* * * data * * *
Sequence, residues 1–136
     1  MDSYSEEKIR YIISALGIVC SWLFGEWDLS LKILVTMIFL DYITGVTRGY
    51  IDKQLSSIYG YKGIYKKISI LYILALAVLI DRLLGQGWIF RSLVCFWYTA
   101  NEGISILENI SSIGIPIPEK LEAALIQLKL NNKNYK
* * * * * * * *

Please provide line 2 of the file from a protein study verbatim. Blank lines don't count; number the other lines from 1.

     1  MDSYSEEKIR YIISALGIVC SWLFGEWDLS LKILVTMIFL DYITGVTRGY